Sports success or failure can often be measured in seconds or inches. Kara Kohler’s quest for her second Olympic medal in Tokyo was dashed in the single sculls semi-finals when she finished less than one second out of second place and half a second out of third in a race where the top three rowers earned spots in the gold medal finals.
The Cal Berkeley and Clayton Valley High grad had handily moved through the heats and quarterfinals before she fell milliseconds short of reaching the finals. The three rowers finishing ahead of her in the semi-finals took first, third and fourth in the medal race.
That one second Kohler will regret until she gets another Olympic chance can be traced to the beginning of the semi. “It was a shaky start,” Kohler said. “I’ve struggled to get off the line cleanly this regatta. The crosswind has challenged me, and it challenged me again today.
“I was dropped pretty quickly, so that was not a great place to start – so that was rough. But, I definitely kept fighting and tried everything I had, but it was a little short today. I’m very disappointed, but I did what I could.”
Kohler’s disappointment matched that of the entire United States Olympic rowing team, which came home without a single medal, something that had never happened when American rowers competed since the modern Olympics began in 1904.
In the second of two women’s single sculls semi-finals, Austria’s Magdalena Lobnig got off to the hot start, taking an early lead on the field, with four-time Olympian Emma Twigg of New Zealand sitting in second and Great Britain’s Victoria Thornley third. Kohler lagged in fifth position at the 500-meter mark before moving past Iran’s Nazanin Malaei in the second 500. At the same time, Twigg was pulling ahead of Lobnig and took just over a one-second advantage as the scullers crossed the midway point.
Twigg continued to extend her lead over the third 500. During the final 500 meters, Kohler put on a big sprint to try to catch the faltering Austrian, but the American just ran out of room as Lobnig was able to hold on to the final qualification spot. Twigg won the race in a 7:20.70, with Townley finishing in a 7:25.12. Lobnig crossed in a 7:25.59, while Kohler clocked a 7:26.10.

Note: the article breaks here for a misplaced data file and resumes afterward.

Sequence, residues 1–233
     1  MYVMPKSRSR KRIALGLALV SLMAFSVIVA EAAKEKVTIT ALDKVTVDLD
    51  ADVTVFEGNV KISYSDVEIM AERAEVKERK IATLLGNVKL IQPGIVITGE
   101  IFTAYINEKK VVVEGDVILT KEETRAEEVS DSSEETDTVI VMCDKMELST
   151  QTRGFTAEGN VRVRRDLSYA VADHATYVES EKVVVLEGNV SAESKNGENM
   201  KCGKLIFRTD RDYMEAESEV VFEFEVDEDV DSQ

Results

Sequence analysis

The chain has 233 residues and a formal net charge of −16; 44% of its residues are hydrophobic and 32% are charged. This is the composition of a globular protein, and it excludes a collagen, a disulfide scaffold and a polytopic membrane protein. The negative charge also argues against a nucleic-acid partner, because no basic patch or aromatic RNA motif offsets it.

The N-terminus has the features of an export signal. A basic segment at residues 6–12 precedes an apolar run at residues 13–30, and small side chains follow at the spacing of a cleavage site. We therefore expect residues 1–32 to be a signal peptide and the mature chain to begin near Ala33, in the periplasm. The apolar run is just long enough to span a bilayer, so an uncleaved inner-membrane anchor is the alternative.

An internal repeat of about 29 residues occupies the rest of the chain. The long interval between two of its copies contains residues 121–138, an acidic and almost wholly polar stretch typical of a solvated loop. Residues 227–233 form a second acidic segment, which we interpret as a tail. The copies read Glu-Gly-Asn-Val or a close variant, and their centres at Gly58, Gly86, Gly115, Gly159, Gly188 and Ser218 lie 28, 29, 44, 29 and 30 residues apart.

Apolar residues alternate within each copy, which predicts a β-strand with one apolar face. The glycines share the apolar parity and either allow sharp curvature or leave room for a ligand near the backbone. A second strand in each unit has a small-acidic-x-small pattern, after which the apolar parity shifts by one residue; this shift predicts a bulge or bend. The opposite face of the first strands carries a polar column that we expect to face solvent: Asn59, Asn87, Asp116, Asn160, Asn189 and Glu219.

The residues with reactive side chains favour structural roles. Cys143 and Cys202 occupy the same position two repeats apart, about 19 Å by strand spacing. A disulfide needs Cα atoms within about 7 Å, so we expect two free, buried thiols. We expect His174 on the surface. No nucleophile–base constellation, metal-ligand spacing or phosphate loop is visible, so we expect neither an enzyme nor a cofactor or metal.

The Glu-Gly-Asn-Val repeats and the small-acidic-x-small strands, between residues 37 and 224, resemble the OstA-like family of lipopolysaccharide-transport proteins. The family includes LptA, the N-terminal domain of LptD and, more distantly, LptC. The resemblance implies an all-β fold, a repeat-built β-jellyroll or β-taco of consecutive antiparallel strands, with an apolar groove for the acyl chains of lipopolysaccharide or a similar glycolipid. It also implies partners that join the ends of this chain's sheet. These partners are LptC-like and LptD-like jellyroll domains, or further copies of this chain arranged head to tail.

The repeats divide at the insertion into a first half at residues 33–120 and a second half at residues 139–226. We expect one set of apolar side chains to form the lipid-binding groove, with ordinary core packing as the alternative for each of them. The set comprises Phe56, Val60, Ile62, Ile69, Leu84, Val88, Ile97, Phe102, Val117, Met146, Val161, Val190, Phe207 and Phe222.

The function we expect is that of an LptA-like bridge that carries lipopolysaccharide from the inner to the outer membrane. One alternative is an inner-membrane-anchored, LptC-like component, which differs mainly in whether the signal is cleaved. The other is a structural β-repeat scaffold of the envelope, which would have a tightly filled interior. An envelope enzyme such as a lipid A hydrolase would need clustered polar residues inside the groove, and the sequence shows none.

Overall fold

After the semi-finals Kohler said, “The women’s single sculls is an incredibly deep field, and it’s anyone’s game. There’s no clear favorite – well, it seems like Emma (Twigg) is right now – but coming in, it was anyone’s guess who could be in that A final contending for the medals. It’s a tough field, and I’m proud I could be a part of it and be right there.”
Kohler concluded her Tokyo racing in the B finals where she took third, placing her ninth overall. Twigg finished off with strong Olympics by winning gold.
The Clayton resident began her Tokyo racing by advancing directly to the quarterfinals thanks to a win in the first of six heats. With the top three moving on to the quarterfinals, Iran’s Malaei took the early lead before Kohler moved into the top spot as the scullers hit the midway point. Kohler continued to extend her lead over the back half of the race. As the scullers crossed the line, Kohler finished with a winning time of 7:49.71.
Kohler won a bronze medal at the 2012 London Olympics in the women’s quad boat for America. She wasn’t selected by USRowing for the 2016 Rio Olympic team and the next year she switched to single sculls. She represented the US in the 2018 and 2019 world championships and was an impressive winner at the Olympic Trials earlier this year earning her second Olympic berth.
Jay Bedecarré is a long-time resident and writer in Concord and Clayton. He began his newspaper writing career while still a senior at Mt. Diablo High School and he has been part of The Pioneer since its inception in 2003. Jay also operates Bay Area Festivals, presenting events around the San Francisco Bay Area including Bay Area KidFest annually in Downtown Concord.